Next we met Kendall-Jackson’s Director of Culinary Gardens, Tucker Taylor, who K-J recently stole away from The French Laundry. Tucker is someone who clearly loves his job, and he had lots of pride for the large gardens he oversees. The gardens hold everything from common herbs like parsley and sage, to on trend vegetables including several varieties of kale, and some more exotic vegetables like yacon (a root vegetable that is part of the daisy family) and broccoli spigarello. The foods grown on the property are used by Kendall-Jackson’s chefs.
Next we moved inside and settled in for “The Kendall-Jackosn Sensory Experience” a seven course wine pairing created by Chef Matthew Lowe who personally presented each impeccable course. We began with roasted beets topped with delice de la callee cheese, pickle kohlrabi, and hazelnuts. This was paired with the Grand Reserve Rosé whose mineral flavor matched the earthy taste of the beets. Crispy acorn squash on a bed of miso butternut puree with oyster leaf and trout caviar was paired with the Jackson Estate Camelot Highlands Chardonnay. Tucker had introduced us to the oyster leaf outside in the garden. It’s a fascinating plant whose leafs actually taste like oysters. This was a sophisticated take on the sweet and salty flavor combination and I loved it with the slightly buttery chardonnay.
Sometimes food is so extraordinary, that I forget to take a photo. #Foodbloggerfail, I know. But trust me, the trio of small bites that came next was extraordinary. I did manage to take a photo of the wine. Prosciutto with picked peppers and strawberries, topped with shiso (a Japanese herb) was paired with Jackson Estate Outland Ridge Pinot Noir, a high elevation Pinot Noir from the Russian River Valley. It’s a full bodied wine that complimented the salty prosciutto. A sweet tea brined pork belly slider with a red wine BBQ sauce paired with the Jackson Estate Alisos Hills Syrah. The jammy BBQ sauce and the syrah with pepper notes and dark berry flavor were wonderful. My mother has not stopped talking about how much she loved this slider. A portion of flat iron steak came with charred eggplant puree, fingerling potatoes, and mushrooms. I have had charred eggplant puree paired with beef before and I love its earthy flavor and it was a great pairing for the intense Jackson Estate Hawkeye Mountain Cabernet Sauvignon. This was the biggest boldest wine that we tasted.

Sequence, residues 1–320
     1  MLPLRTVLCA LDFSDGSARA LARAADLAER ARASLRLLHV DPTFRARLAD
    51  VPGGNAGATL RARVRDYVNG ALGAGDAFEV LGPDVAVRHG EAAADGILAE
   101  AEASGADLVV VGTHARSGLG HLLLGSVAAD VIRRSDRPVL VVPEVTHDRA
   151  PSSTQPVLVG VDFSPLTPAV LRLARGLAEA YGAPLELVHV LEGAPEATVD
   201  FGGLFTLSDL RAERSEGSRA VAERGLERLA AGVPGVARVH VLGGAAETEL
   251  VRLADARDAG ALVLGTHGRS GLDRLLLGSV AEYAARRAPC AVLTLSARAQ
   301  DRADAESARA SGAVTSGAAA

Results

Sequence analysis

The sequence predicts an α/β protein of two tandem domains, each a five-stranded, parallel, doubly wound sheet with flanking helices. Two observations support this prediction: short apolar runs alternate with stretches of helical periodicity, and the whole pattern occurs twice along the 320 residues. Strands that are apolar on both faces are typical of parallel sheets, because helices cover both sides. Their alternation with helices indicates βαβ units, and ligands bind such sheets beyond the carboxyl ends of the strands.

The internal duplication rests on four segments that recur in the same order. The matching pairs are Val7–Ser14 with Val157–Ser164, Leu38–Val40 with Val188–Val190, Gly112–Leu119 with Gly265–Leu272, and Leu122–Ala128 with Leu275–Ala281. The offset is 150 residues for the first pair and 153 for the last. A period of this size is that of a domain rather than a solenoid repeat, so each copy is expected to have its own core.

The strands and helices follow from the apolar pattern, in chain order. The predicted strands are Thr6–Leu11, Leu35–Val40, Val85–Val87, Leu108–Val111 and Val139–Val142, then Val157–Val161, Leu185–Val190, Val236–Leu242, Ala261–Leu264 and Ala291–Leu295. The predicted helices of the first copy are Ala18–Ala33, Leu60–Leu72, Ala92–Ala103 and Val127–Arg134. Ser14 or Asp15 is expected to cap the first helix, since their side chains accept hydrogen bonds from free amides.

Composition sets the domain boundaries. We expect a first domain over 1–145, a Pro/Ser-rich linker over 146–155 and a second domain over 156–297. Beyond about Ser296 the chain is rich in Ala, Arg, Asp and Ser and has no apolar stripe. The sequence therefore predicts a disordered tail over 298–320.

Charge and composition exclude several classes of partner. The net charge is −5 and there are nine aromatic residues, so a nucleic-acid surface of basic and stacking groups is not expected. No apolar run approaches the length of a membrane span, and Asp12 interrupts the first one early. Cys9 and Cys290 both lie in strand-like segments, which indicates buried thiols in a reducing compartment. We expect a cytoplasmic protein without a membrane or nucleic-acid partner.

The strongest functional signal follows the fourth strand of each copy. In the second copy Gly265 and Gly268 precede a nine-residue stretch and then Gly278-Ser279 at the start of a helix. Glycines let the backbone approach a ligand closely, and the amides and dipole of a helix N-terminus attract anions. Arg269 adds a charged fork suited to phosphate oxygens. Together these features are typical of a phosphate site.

The experience culminated with a duo of desserts. A butterscotch panna cotta was paired with the Grand Reserve Late Harvest Riesling. I think that both butterscotch and rieslings tend to be under-rated; they aren’t trendy even though they are excellent. Riesling has a reputation for being sweet, but only some rieslings are sweet, and this riesling was not overly sweet. The fruit notes of the wine matched the lightness and sweetness of the panna cotta. The last course was caramel popcorn. I loved this playful touch. Wine tastings can be so overly serious, when they should really be fun, and the caramel popcorn ended everything on a light hearted tone. The caramel corn (which is better than Garrett’s) is from an old family recipe and it was paired with the Grand Reserve Late Harvest Orange Muscat, a wine with orange flavors and a balance of acidity and sweetness.
The amazing thing about Kendall-Jackson is that their garden tours, tastings, and culinary pairings are available to the public, you just need to book an appointment in advance. It’s definitely worth the trip. When I visit wineries I genuinely want to learn, and we learned about viticulture, gardening, food, food and wine pairing, and many of Kendall-Jacksons wines during our visit. Thank you to Kendall-Jackson for your incredibly generous hospitality. You have also given my mother the impression that I spend my days being wined and dined.
At the end of the way we were full and happy, and we uber-ed our way back to our hotel. On our second day in Sonoma we relied on Uber to get around, and had no problems doing so. Uber is a bit newer in Sonoma, and there aren’t as many drivers so it might take 10-15 minutes to secure a ride, but it is significantly more affordable than hiring a driver, which usually costs $50 an hour. We spent our time in Sonoma at the Fairmont Sonoma Mission Inn. The large hotel is just 10 minutes from Sonoma Square, and it has its own spa. I should mention that there were lots of extra costs at the hotel. Parking, WiFi (it was $14 a day!!), and breakfast added up, but we did have a pleasant stay.
Next week I will be finishing up my posts about California and sharing a guide to a perfect day in Napa.